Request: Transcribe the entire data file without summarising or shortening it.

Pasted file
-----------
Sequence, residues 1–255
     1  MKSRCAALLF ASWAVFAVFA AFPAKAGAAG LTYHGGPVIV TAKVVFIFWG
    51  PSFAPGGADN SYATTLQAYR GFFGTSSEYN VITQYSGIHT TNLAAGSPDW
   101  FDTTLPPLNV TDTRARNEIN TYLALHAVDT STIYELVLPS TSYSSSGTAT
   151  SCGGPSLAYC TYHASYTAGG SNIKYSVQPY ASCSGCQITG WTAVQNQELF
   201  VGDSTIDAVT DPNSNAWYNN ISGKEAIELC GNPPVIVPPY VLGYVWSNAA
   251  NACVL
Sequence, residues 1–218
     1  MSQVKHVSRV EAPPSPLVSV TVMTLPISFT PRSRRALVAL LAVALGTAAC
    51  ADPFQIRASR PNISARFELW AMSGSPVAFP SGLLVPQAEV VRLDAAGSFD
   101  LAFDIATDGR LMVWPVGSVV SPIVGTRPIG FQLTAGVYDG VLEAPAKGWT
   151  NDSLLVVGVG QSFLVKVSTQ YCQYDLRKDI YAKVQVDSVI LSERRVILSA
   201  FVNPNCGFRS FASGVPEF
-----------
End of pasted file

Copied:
Sequence, residues 1–255
     1  MKSRCAALLF ASWAVFAVFA AFPAKAGAAG LTYHGGPVIV TAKVVFIFWG
    51  PSFAPGGADN SYATTLQAYR GFFGTSSEYN VITQYSGIHT TNLAAGSPDW
   101  FDTTLPPLNV TDTRARNEIN TYLALHAVDT STIYELVLPS TSYSSSGTAT
   151  SCGGPSLAYC TYHASYTAGG SNIKYSVQPY ASCSGCQITG WTAVQNQELF
   201  VGDSTIDAVT DPNSNAWYNN ISGKEAIELC GNPPVIVPPY VLGYVWSNAA
   251  NACVL
Sequence, residues 1–218
     1  MSQVKHVSRV EAPPSPLVSV TVMTLPISFT PRSRRALVAL LAVALGTAAC
    51  ADPFQIRASR PNISARFELW AMSGSPVAFP SGLLVPQAEV VRLDAAGSFD
   101  LAFDIATDGR LMVWPVGSVV SPIVGTRPIG FQLTAGVYDG VLEAPAKGWT
   151  NDSLLVVGVG QSFLVKVSTQ YCQYDLRKDI YAKVQVDSVI LSERRVILSA
   201  FVNPNCGFRS FASGVPEF